In addition to Sarrell’s 14 brick-and-mortar health care centers, the nonprofit also operates a mobile dental bus to reach people in rural areas of Alabama, where it’s estimated that more than 60 percent of children have not seen a dentist.
Since 2004, Sarrell has seen more than 400,000 patient visits without complaint.
A WaterFirst health model - Healthpoint Services India Pvt. Ltd
Healthpoint Services was established to provide in rural Indian villages with clean drinking water, medicine (through a licensed pharmacy), more than 80 comprehensive diagnostic tools, and access to qualified medical technicians via two-way telemedicine services. Healthpoint Services’ scalable and sustainable business model delivers preventive health care for just $1.60 per month per household.
This trusted social enterprise, with 140 active water centers, offers affordable health care services to about 300 households every day. Because the water units typically become cash-flow positive within six months of operation, Healthpoint Services expects to build an additional 20 units per month, which will expand their reach to more than three million Indians in the next two years.
Although clean, potable water is the major selling point, the company is piloting sales for health commodities like sanitary pads, condoms and nutritional supplements for pregnant women, in addition to health services for vaccinations, eye care, and the management of diabetes and hypertension.
Health “Kiosks” for Kenya Slums – Access Afya
U.S.-based Access Afya, co-founded by CEO Melissa Menke and Director Duncan Goldie-Scot, is building a network of high-tech, paperless health centers in Kenya’s slums.
At Access Afya’s pilot mini-clinic, registered nurses create (and update) electronic medical records for every patient and use SMS to send appointment reminders, medication instructions and to follow-up on referrals to larger health facilities and specialists. In addition, health practitioners counsel patients on comprehensive wellness—”we want them in our clinic less, but want patients to be loyal, lifetime customers”—and offer products like clean cookstoves and water purifiers.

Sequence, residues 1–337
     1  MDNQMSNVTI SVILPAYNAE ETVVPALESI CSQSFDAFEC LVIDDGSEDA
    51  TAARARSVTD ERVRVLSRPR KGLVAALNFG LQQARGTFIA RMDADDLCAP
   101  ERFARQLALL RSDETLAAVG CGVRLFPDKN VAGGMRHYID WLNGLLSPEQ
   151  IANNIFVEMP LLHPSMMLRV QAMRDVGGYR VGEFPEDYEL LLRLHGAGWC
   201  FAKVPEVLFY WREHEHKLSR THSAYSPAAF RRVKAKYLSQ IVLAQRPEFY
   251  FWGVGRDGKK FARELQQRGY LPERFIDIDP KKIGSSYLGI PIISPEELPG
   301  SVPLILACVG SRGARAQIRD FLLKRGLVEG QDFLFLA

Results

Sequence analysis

“We bring care directly to the doorsteps of the people that need it most—no one else is looking at quality private sector health care for the base of the pyramid,” Menke said. ”People should take notice because we are already gaining traction: more than 500 patients from the Nairobi slums have paid us for health services in our first six months.”
MeraDoctor – MeraDoctor
MeraDoctor is delivering unlimited medical advice from licensed MMBS doctors to low-income families across India by telephone. The service is accessible 24 hours per day, seven days per week, and 365 days per year. Membership to MeraDoctor costs less than a nickel per day.
The service’s doctors are put through a rigorous training program so that they ask callers the right questions and understand symptoms. To date, MeraDoctor physicians have addressed more than 400 ailments over the phone, recommending that callers visit doctors or specialists in-person when appropriate, and deliver names of medicines by SMS.
If MeraDoctor misses a call, an assistant will register the caller as a patient and transfer them to a doctor as soon as possible. Refunds are available for unsatisfied customers.
“We are trying to change the way people think about medical care,” MeraDoctor manager Malika Anand said. “No more mystery, no more unnecessary waiting, no more being at the mercy of uncaring providers. Think of us as holding your hand every step of the way as you navigate your health and wellness.”